“I found out the baby had no heartbeat anymore. I was devastated,” she wrote. “I snuck out the back door of my doctor, a hot, sobbing, mascara-covered mess. Two and a half weeks went by witih me battling my heart and brain about what was happening in my body, wondering why this wouldn’t just be over.”

The Days, who have two children, Dash and Lucy, decided to go public to help others who have suffered similar heartbreak.

“I hope you know you aren’t alone and I hope you feel God wrap his arms around you when you feel the depths of sorrow and loss,” she wrote.  

Newsmaker of the Year: No. 5, Sergio Garcia

By Golf Channel DigitalDecember 12, 2017, 1:00 pm

This was the year it finally happened for Sergio Garcia.

The one-time teen phenom, known for years as “El Nino,” entered the Masters as he had dozens of majors beforehand – shouldered with the burden of being the best player without a major.

Garcia was 0-for-72 driving down Magnolia Lane in April, but after a thrilling final round and sudden-death victory over Justin Rose, the Spaniard at long last captured his elusive first major title.

The expectation for years was that Garcia might land his white whale on a British links course, or perhaps at a U.S. Open where his elite ball-striking might shine. Instead it was on the storied back nine at Augusta National that he came alive, chasing down Rose thanks in part to a memorable approach on No. 15 that hit the pin and led to an eagle.


Full list of 2017 Newsmakers of the Year


A green jacket was only the start of a transformative year for Garcia, 37, who heaped credit for his win on his then-fiancee, Angela Akins. The two were married in July, and months later the couple announced that they were expecting their first child to arrive just ahead of Garcia’s return to Augusta, where he'll host his first champions’ dinner.

And while players often cling to the notion that a major win won’t intrinsically change them, there was a noticeable difference in Garcia over the summer months. The weight of expectation, conscious or otherwise, seemed to lift almost instantly. Like other recent Masters champs, he took the green jacket on a worldwide tour, with stops at Wimbledon and a soccer match between Real Madrid and Barcelona.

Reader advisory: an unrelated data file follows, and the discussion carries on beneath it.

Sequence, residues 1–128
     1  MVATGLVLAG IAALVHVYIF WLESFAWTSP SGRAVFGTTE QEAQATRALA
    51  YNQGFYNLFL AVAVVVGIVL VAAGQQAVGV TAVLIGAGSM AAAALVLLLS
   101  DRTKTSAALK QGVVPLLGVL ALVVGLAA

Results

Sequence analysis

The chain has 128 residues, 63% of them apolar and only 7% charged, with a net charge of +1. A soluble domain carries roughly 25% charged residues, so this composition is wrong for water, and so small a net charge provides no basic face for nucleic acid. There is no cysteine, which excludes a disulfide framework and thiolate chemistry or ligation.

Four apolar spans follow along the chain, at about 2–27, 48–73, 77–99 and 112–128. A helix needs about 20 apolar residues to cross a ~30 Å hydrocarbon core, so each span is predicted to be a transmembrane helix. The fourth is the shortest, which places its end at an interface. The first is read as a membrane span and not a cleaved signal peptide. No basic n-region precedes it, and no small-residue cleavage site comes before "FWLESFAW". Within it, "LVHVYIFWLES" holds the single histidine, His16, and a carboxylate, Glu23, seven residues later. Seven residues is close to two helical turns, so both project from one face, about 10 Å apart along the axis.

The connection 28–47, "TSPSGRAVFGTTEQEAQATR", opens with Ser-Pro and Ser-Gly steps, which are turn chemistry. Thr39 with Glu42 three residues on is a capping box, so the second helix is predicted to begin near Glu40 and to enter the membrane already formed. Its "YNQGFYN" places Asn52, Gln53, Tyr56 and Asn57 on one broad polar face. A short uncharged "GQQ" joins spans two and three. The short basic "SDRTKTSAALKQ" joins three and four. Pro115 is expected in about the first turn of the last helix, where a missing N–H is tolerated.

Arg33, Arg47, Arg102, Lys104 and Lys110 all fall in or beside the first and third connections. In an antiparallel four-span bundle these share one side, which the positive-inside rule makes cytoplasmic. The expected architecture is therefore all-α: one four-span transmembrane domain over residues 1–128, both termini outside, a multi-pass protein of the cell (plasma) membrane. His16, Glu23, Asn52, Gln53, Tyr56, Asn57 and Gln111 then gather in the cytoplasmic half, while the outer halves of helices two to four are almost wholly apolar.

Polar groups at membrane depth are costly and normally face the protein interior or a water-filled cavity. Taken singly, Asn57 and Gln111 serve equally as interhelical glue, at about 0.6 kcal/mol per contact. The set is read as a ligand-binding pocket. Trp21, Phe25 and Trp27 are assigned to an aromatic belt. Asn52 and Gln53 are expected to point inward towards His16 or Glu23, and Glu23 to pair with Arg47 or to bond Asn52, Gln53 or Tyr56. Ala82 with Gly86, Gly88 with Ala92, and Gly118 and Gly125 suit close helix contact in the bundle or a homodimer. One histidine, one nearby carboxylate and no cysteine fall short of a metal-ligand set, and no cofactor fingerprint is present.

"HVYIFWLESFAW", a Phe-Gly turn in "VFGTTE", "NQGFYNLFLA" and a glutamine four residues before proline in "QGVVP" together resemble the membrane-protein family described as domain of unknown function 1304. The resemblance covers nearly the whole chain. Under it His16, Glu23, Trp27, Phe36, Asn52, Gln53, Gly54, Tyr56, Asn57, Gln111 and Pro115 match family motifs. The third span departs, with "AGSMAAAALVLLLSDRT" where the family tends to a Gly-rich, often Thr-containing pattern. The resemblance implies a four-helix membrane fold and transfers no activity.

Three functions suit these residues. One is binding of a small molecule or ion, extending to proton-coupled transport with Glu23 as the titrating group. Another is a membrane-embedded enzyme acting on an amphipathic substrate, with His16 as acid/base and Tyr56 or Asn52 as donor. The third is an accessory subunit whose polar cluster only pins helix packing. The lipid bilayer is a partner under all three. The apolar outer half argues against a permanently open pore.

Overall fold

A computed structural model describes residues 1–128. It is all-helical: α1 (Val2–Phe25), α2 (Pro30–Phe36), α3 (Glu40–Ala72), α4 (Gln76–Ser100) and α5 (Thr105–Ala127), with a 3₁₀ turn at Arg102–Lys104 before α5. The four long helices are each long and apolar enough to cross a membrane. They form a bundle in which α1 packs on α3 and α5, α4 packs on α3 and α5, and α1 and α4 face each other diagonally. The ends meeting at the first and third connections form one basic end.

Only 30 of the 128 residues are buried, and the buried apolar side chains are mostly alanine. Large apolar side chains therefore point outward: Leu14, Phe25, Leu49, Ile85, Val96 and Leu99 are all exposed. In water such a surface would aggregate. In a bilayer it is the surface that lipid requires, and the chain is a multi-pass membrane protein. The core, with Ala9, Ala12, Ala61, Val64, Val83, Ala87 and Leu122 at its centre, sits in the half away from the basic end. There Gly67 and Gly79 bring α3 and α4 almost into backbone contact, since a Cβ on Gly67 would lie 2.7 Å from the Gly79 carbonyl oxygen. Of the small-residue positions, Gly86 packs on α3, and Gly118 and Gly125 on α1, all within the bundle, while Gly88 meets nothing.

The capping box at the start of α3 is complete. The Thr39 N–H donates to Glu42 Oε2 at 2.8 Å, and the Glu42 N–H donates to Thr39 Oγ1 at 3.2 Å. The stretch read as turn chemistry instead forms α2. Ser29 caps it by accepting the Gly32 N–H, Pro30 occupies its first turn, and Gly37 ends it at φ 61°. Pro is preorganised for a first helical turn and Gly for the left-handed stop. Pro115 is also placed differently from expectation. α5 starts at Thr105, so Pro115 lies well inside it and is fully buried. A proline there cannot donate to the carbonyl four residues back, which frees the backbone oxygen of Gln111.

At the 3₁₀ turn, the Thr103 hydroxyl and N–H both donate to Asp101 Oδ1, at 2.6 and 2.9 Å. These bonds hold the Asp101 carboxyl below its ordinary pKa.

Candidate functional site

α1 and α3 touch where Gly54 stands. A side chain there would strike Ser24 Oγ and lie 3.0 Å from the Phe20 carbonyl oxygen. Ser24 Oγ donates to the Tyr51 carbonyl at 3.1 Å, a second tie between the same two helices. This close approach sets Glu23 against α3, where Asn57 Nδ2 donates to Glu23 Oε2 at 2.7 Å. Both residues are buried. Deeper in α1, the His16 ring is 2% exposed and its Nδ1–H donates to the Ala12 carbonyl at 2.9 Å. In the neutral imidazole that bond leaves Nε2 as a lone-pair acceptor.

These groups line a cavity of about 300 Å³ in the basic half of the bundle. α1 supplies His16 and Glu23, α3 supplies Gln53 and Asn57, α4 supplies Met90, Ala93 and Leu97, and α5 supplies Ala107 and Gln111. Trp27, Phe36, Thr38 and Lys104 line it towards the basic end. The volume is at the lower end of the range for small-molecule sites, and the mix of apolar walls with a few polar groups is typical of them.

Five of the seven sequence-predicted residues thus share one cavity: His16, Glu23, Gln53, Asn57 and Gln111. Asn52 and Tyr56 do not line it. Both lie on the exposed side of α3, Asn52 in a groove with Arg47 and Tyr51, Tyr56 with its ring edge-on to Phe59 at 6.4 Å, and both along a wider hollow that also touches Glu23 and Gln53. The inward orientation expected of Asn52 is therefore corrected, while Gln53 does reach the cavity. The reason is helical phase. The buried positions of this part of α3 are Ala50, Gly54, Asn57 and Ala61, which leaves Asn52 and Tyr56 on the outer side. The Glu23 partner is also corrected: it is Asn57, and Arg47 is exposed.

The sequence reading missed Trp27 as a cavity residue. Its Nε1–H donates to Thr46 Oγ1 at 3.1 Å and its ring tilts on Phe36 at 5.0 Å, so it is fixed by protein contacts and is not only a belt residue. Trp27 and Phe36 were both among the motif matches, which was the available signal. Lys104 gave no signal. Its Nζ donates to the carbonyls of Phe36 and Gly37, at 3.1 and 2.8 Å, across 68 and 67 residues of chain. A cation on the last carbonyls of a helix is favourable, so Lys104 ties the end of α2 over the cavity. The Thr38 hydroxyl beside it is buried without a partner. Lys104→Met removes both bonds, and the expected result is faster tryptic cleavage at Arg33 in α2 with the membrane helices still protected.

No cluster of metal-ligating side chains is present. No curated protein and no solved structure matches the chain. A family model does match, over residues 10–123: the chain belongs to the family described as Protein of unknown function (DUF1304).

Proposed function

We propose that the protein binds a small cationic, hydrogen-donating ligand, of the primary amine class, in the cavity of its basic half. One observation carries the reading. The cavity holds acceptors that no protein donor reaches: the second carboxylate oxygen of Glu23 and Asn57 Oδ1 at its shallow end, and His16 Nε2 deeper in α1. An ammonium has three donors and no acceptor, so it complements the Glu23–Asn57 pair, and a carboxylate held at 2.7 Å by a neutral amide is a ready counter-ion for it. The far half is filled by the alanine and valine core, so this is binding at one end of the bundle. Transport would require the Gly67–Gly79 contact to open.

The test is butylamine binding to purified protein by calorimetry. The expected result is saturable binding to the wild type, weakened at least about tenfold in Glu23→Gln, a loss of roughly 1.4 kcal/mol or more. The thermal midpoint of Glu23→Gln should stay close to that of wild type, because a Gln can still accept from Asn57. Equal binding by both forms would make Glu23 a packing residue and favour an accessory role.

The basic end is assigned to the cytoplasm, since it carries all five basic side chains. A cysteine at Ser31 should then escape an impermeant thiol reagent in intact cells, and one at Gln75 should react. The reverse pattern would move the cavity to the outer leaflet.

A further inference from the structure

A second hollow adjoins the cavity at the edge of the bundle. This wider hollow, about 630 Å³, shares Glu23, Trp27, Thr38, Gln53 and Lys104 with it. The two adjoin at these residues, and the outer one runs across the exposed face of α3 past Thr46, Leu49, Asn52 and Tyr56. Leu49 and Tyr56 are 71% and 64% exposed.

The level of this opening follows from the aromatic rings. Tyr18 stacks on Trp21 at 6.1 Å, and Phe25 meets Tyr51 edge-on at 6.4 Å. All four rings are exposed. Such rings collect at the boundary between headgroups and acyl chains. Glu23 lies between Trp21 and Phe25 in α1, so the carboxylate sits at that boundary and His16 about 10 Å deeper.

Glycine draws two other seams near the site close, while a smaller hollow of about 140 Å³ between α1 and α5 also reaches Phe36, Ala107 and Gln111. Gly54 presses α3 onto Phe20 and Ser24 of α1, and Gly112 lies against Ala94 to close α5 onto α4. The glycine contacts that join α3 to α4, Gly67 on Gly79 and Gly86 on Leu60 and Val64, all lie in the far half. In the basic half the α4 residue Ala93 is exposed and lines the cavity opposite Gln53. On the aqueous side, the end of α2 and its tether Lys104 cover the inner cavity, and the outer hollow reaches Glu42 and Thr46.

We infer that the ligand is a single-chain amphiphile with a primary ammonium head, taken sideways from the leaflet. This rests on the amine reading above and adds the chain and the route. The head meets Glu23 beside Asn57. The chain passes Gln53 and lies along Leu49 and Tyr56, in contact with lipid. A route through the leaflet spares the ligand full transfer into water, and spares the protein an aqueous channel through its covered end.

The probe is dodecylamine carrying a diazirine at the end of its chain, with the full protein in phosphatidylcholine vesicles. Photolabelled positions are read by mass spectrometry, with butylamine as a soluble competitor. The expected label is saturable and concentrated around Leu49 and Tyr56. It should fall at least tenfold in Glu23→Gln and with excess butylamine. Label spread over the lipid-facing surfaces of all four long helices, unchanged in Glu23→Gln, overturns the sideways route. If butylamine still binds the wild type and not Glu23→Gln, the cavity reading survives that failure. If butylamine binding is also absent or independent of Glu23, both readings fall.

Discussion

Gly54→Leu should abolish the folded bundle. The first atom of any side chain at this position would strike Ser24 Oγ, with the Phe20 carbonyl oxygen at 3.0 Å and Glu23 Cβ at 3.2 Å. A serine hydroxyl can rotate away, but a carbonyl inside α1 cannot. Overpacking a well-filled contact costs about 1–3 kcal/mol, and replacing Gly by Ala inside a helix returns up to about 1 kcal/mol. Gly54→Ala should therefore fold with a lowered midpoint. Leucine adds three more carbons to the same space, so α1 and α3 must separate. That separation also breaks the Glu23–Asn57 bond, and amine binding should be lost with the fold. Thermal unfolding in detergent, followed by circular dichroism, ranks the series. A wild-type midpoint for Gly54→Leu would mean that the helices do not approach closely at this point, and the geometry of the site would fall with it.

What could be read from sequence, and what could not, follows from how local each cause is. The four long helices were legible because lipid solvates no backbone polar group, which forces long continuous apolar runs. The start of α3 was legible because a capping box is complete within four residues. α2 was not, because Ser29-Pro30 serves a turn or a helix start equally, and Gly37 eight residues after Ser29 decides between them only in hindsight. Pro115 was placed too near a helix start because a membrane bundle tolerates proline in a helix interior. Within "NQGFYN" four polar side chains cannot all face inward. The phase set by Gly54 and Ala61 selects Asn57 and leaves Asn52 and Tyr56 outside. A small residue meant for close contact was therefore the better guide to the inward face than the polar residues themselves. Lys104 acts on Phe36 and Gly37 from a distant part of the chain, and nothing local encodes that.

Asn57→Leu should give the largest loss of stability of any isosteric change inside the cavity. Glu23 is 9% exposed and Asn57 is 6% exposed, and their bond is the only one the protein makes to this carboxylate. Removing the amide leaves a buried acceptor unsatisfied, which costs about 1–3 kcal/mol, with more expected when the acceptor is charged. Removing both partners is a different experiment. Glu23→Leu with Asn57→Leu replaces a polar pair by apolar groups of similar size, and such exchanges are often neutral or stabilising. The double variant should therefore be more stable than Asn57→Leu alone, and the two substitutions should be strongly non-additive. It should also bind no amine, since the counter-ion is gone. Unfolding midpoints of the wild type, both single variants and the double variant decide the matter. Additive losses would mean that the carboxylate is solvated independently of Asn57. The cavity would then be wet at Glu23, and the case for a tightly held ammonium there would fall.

The player who burst onto the scene as a baby-faced upstart is now a grizzled veteran with nearly two decades of pro golf behind him. While the changes this year occurred both on and off the course, 2017 will always be remembered as the year when Garcia finally, improbably, earned the title of major champion.


Masters victory


Article: Garcia defeats Rose to win Masters playoff

Article: Finally at peace: Garcia makes major breakthrough

Article: Garcia redeems career, creates new narrative


Video: See the putt that made Sergio a major champ


Green jacket tour

Article: Take a look at Sergio's crazy, hectic media tour

Article: Garcia with fiancée, green jacket at Wimbledon

Article: Watch: Garcia kicks off El Clasico in green jacket


Man of the people


Article: SERGIO! Garcia finally gets patrons on his side

Article: Fan finally caddies for Sergio after asking 206 times

Article: Sergio donates money for Texas flood relief


Article: Connelly, Garcia paired years after photo together


Ace at 17th at Sawgrass


Growing family

Article: Sergio, Angela get married; Kenny G plays reception

Article: Garcia, wife expecting first child in March 2018


Departure from TaylorMade


Article: Masters champ Garcia splits with TaylorMade


Squashed beef with Paddy

Article: Harrington: Garcia was a 'sore loser'

Article: Sergio, Padraig had 'great talk,' are 'fine'


Victory at Valderrama


Article: Garcia gets first win since Masters at Valderrama

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Newsmakers of the Year: Top 10 in 2017

By Golf Channel DigitalDecember 12, 2017, 12:30 pm